Humility is an important quality for a Taoist to cultivate, because when one is too proud, it invites unnecessary contention.  The classical Taoists were often thought of as fools.  They felt it better to be overlooked and dismissed than to receive too much attention.  A metaphor used by Deng Ming-Dao shows the value in humility:  The strong are conscripted, the beautiful are subjugated, and the average are left to live their lives as they choose.

It is listed among the attributes of the sage in chapter 22 of the Tao Te Ching (Dao de jing):
TAO
MANOR
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"Not showing off his deeds, hence [the sage] is meritorious.
Not boasting of himself, hence he leads.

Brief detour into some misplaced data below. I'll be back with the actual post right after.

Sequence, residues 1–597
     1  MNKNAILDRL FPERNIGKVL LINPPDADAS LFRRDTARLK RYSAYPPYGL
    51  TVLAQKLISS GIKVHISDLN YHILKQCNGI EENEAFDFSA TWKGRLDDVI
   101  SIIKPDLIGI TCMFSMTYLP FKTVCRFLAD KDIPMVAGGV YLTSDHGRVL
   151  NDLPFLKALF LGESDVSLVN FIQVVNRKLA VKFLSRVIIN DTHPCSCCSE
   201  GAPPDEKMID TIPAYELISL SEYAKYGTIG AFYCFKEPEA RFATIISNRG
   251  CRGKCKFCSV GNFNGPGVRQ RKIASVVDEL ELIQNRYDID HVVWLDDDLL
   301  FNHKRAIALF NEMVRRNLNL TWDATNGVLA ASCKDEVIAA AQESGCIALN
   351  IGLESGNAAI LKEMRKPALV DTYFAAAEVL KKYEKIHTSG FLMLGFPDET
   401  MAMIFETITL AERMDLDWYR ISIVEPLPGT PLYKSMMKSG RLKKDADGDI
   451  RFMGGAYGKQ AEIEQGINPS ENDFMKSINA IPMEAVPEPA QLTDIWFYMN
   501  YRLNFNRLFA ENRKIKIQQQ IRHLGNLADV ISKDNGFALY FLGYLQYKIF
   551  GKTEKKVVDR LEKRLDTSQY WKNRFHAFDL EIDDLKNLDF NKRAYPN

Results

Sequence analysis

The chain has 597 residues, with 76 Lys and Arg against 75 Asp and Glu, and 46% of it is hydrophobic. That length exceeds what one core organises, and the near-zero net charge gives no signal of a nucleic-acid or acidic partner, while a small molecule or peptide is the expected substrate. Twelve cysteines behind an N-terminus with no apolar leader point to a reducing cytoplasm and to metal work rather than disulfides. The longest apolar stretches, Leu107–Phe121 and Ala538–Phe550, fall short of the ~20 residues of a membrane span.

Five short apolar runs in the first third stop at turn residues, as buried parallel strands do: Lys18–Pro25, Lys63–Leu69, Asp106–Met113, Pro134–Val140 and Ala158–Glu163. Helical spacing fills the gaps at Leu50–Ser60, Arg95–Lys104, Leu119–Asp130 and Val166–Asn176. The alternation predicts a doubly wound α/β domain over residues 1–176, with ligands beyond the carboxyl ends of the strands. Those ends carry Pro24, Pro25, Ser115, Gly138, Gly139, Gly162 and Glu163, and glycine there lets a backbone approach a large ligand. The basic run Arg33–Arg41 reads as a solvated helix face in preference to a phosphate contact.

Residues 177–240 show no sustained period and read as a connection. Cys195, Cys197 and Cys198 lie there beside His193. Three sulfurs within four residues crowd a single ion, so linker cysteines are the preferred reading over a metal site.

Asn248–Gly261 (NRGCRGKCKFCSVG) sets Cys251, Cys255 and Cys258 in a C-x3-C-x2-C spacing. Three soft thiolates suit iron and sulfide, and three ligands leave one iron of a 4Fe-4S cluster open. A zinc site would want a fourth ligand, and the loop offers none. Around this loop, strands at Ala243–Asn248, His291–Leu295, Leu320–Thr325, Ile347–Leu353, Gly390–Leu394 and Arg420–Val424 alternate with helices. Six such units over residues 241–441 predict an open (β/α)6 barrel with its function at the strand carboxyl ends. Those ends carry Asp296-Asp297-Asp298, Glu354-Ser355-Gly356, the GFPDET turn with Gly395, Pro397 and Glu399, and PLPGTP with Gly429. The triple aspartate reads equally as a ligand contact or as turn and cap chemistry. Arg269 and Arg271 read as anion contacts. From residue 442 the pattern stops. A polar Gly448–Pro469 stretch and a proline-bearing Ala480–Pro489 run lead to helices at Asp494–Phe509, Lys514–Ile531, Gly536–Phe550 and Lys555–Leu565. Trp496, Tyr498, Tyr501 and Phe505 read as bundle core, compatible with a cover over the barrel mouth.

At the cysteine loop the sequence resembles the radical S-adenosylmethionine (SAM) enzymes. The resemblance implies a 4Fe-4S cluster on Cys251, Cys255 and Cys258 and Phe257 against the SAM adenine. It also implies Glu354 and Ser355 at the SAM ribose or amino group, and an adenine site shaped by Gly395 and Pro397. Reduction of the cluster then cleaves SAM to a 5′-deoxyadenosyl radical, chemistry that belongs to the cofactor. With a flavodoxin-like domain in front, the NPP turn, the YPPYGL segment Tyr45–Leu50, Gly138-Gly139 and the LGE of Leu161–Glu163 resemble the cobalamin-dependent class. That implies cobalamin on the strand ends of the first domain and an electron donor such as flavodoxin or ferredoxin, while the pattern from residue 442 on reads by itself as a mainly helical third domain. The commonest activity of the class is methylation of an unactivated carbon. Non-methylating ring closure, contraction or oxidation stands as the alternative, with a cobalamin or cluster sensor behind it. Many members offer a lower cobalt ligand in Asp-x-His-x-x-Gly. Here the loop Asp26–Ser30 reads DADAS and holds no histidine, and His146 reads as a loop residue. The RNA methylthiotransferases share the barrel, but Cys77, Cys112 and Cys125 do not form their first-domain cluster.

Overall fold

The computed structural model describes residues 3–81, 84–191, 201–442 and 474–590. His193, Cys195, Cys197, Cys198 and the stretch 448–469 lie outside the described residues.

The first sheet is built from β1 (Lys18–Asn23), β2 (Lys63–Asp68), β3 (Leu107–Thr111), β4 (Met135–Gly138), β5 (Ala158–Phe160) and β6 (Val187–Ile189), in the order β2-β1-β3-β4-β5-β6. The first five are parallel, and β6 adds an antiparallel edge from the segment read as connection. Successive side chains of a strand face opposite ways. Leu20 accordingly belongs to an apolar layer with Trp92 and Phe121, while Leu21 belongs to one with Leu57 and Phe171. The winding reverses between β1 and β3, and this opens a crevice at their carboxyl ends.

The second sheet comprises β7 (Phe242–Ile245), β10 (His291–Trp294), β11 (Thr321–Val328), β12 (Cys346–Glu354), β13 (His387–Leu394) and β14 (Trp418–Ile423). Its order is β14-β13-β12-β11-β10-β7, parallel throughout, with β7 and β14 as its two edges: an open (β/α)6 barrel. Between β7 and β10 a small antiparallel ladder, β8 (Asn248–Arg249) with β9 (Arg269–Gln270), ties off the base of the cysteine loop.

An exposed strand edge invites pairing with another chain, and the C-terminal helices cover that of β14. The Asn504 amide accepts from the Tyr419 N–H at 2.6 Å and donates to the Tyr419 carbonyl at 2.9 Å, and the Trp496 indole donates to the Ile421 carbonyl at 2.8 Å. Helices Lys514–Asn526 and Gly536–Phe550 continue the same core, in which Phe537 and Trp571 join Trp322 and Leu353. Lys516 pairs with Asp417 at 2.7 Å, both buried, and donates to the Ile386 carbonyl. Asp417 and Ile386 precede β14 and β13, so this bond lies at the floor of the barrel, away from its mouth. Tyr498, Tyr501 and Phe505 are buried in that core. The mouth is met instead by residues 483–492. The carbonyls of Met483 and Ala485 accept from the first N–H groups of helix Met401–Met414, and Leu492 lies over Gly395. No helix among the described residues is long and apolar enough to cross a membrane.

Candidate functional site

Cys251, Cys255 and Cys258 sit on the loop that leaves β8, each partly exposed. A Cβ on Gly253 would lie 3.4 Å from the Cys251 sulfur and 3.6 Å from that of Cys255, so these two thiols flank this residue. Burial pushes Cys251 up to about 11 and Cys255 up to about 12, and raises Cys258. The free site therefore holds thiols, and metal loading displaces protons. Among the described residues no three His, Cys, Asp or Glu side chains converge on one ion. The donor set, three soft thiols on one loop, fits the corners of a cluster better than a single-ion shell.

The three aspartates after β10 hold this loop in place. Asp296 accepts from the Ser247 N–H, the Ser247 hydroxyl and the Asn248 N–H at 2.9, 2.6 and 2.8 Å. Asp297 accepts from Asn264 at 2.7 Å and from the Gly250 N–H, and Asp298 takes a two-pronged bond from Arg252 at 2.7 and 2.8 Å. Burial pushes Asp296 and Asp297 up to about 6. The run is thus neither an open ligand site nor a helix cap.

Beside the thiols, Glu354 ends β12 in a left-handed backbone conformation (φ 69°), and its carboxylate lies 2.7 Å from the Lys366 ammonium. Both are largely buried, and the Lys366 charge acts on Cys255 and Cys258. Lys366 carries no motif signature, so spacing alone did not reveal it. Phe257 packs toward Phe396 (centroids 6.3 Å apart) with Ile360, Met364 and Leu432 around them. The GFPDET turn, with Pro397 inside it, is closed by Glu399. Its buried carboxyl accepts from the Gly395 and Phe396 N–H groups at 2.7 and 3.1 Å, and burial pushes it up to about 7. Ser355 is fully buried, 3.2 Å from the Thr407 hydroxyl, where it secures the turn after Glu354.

Because he is not contentious,
Hence no one under heaven can contend with him."

-- from chapter 22, E. Chen (tr.)
Humility
It is likewise alluded to (as reverence) among the qualities of the ancient masters of Tao in chapter 15:
"Careful, like crossing a river in winter,
Hesitating, like fearing neighbors on four sides,
Reverent, like being guests."

-- from chapter 15, E. Chen (tr.)
In the Chuang Tzu (Zhuangzi), Shen Tu Chia reproves Prime Minister Cheng Tzu Chan, who is acting too proud, because he does not yield way to higher officials when they cross paths.  He tells him:
"However, those who do not cause trouble and who think they deserve nothing are few indeed.  To know what is beyond your ability to change, and to live with this as your destiny, is the action of a virtuous one.  Anyone who wanders into the middle of Archer Yi's target will find that such a central place is exactly where you get hit!"

-- from chapter 5, Palmer/Breuilly (trs.)